Friday, November 23, 2012

Donny McCaslin at the Firehouse 12

Donny McCaslin at Firehouse 12 photo by Ralph A. Miriello c2 012

The Firehouse 12 is a beautifully converted old firehouse on Crown Street  in downtown New Haven, CT. The converted space now includes a chic lower level bar, a state of the art recording studio and an intimate performing space. Every season, the venue produces a series of Friday night concerts that feature some of today’s most interesting and creative performers in jazz.  Some acts that were featured this year included Ingrid Laubrock, Kris Davis and Tyshawn Sorey’ s Paradoxical Frog,  E.J. Strickland’s Quintet, Dan Tepfler’s Trio and the more mainstream Fred Hersch Trio. The “Live Room,” a 1200 square foot space that seats approximately seventy-five lucky patrons, is where all performances are featured.  It is the intimate nature of this venue that makes it especially rewarding for both the artists and their fans.

On this past Friday evening the Firehouse featured the firebrand saxophonist Donny McCaslin and some old friends playing the music of his latest cd  Casting for Gravity. I recently reviewed this challenging album which finds McCaslin pushing further into the blurred lines between jazz and electronica. You can read my Huffington Post  review here.

On the album McCaslin was joined by the keyboard artist Jason Lindner, the bassist Tim LeFebvre and the drummer Mark Guiliana.  At the Firehouse, McCaslin’s band included the talented pianist Kevin Hays, the bassist Fima Ephron and the drummer Zach Danzinger.
Kevin Hays photo by Ralph A. Miriello c 2012

The group started out with the title track from his new album “Casting for Gravity" a slow brewing song that starts with McCaslin and Hays slowly ruminating on a vamp that then erupts into a more urgent, repeating refrain from McCaslin that is accentuated by some strong syncopated pounding by Danzinger. The refrain eventually ends in just under four minutes, segueing into the powerful “Stadium Jazz.”  At its’ core, this tune is built on a melodic ascending and descending scale played by McCaslin and Hays, which yields to a raucous break-a broken, staccato driven vamp played in unison by soaring tenor, echoing Rhodes keyboard, throbbing electric bass and bombastic drums all executed with surgical-like precision. While the energy level of the group was laudable the unchecked volume of Mr. Danziger’s drums was unsettling.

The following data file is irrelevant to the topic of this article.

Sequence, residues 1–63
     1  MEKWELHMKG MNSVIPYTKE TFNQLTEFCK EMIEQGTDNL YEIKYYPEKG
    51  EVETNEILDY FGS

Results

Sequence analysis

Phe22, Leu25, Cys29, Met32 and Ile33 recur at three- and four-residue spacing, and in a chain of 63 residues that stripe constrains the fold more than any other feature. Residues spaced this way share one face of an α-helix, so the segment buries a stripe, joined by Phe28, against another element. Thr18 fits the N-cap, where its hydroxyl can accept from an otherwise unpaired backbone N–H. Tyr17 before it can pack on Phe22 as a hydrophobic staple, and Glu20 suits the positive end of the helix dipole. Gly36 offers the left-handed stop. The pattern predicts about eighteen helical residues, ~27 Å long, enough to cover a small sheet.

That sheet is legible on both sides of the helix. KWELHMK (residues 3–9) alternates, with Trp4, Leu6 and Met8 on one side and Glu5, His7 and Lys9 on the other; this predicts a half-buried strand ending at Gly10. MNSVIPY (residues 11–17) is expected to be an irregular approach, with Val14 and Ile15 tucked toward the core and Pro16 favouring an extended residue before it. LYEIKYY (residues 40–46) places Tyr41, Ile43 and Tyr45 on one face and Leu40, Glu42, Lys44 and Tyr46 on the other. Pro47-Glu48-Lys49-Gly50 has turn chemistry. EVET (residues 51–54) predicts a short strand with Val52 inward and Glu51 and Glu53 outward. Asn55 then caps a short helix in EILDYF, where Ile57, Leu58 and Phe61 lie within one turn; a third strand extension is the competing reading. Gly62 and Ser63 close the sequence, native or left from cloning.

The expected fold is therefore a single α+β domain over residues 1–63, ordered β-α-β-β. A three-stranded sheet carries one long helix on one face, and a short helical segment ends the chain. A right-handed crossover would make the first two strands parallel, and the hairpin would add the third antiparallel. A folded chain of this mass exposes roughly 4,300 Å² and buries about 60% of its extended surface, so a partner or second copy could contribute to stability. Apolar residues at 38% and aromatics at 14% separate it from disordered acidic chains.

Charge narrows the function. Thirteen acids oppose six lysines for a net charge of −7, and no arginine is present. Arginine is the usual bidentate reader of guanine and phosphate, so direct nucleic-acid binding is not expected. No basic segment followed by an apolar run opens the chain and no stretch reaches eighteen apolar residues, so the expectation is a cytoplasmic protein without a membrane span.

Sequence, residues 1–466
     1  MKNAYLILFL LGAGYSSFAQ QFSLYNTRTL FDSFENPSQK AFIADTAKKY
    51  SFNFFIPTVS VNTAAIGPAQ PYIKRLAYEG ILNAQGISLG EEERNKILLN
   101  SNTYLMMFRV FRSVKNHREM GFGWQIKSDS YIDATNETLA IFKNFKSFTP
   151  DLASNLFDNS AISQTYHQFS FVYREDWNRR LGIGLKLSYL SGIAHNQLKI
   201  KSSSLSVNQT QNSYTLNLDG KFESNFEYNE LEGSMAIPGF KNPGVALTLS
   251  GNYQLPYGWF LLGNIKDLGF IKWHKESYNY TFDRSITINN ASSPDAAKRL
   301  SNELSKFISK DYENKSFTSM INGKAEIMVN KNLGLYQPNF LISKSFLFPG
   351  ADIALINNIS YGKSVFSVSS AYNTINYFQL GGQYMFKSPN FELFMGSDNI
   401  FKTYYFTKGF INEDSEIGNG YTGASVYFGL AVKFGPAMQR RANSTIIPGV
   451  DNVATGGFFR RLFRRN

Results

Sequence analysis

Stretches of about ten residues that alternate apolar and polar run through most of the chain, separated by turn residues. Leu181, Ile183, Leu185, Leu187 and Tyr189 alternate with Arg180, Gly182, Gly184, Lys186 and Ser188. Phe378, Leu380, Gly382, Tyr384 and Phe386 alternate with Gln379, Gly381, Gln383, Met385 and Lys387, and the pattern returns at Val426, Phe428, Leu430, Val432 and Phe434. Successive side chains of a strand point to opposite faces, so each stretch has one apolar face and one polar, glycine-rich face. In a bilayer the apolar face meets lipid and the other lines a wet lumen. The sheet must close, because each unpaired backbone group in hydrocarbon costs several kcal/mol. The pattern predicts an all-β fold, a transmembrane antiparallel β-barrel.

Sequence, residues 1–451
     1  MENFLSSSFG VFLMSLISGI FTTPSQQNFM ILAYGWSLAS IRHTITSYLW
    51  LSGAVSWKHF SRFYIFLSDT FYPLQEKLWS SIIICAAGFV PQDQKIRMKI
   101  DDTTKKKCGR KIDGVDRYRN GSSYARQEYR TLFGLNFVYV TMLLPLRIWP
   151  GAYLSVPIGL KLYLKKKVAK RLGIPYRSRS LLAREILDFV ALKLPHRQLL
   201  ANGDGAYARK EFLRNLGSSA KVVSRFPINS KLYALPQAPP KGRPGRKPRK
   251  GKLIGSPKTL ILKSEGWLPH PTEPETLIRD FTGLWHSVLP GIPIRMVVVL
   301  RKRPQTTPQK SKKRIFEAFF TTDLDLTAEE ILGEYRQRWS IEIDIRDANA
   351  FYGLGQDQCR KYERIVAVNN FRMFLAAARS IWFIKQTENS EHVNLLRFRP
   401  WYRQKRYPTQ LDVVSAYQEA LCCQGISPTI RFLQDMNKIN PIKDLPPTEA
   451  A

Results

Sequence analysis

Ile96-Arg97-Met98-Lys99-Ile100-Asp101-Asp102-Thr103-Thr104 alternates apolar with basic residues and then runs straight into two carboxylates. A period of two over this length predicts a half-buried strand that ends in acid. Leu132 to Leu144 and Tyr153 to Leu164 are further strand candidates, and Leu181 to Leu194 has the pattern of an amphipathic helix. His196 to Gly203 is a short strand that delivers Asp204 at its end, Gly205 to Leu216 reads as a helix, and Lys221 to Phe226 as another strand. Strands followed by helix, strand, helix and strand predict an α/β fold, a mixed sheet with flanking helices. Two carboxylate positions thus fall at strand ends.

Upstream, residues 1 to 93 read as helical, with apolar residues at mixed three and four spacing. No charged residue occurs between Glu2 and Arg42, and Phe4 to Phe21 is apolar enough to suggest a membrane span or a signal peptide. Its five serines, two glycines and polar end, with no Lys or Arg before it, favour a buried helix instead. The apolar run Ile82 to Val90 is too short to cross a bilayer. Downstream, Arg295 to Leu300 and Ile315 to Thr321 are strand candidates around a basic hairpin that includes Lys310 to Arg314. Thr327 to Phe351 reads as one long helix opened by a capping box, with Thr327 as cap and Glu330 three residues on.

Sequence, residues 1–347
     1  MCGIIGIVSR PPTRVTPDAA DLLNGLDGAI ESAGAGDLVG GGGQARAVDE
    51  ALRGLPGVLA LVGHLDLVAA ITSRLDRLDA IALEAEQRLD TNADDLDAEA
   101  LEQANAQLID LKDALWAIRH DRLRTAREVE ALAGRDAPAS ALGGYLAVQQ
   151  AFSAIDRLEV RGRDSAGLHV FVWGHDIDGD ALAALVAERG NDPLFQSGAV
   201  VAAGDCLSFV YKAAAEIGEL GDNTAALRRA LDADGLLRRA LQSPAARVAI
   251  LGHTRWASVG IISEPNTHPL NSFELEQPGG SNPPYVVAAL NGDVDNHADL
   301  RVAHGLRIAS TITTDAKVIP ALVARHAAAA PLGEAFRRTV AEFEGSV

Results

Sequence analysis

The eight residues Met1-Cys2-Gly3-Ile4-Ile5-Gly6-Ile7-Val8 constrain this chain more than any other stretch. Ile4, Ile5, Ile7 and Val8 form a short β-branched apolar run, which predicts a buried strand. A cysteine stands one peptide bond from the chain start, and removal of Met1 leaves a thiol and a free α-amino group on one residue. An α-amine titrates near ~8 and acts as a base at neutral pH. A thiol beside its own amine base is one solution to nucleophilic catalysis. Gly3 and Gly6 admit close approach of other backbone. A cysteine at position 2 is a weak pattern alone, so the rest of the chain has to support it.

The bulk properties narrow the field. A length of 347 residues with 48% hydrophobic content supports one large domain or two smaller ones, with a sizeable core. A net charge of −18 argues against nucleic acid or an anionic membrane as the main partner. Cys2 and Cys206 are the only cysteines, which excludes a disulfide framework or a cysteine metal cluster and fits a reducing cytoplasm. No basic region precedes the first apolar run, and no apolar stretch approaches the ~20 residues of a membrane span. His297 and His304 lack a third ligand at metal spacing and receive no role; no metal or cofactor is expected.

On McCaslin’s “Losing Track of Daylight” the artful Kevin Hays straddled himself between the grand piano and the Fender Rhodes. Hays single handed runs on the Rhodes came through as muddled to my ears and I was in the second row. The nuances of his solos almost rendered undecipherable, blotted out as the drums overpowered the space. Where on the album Guilliana’s drums are powerful, syncopated partner in the music with well placed rhythmic breaks, Danzinger’s pulse was bombastic, overpowering and awkwardly at times out of sync with the flow. McCaslin, who is a powerful player, seemed oblivious to Danziger’s volume and compensated with his own strength. All subtlty that may have been observable in Hays or Fima’s work was obliterated by Danzinger’s over the top playing.

There is no doubt McCaslin’s music requires a strong rhythmic foundation, but it is incumbent upon a drummer to know the room and play accordingly. The audience for the most part seemed impressed by Mr. Danzinger’s energetic playing. He is a powerful, propulsive drummer who has serious chops, but to my way of thinking he needs to harness his enthusiasm and inject some subtlety especially in a room as intimate as the Firehouse.

McCaslin has a slender, reed-like frame with an innocent, almost schoolboy look, a deceptive appearance that hides the fire that resides within this man. This fire erupted on his next composition “Tension,” a song he composed with his two year old Henry in mind. McCaslin’s music, while taken from life,  has become less lyrical in his most recent offerings and this composition is a case in point. Starting out as a series of repeating honks that rise and fall to a changing beat, the song is a pure exercise in manic, frenzy that leaves you in a state of agitation. McCaslin’s taught face was the picture of tension as he played this song. While it may perfectly represent his state of mind when his two year old is testing him, it did little for me but to make me twitch. 

The final song of the first show was titled “Memphis Redux” and was a from a previous McCaslin album titled Perpetual Motion. The slow burning, funk imbued song was a homage of sorts to influences like Joe Zawinul’s  “Mercy, Mercy Mercy “. McCaslin’s horn took on a distinctive Maceo Parker rasp to it as he dug deep into the soul of the tune. It was nice to hear McCaslin play more recognizably melodic music. Kevin Hays added a  particularly bluesy touch to the keyboard and with Danziger in the pocket on this tune, Hays offered his most creative solo of the night. McCaslin ended the song with a sustained solo exploration that was both lyrical and moving and brought the audience to its feet.

I applaud McCaslin for stretching his boundaries and venturing into more challenging modes of music. He is a fine player who plays with intensity and passion, but perhaps he is sacrificing some of his musicality. I was recently at a Jazz Standard show where I was seated next to two saxophonists who had come to  see Scott' Robinson's latest creative work, Bronze Nemisis. One of the players, who recently saw Donny at a Vanguard show, read my review of Casting for Gravity and later wrote to me in disappointment. that at the Vanguard show he just wanted to yell out “Sing us a song, Donny!”   I remain a fan, but  I too long for McCaslin to show us his more lyrical side more often.

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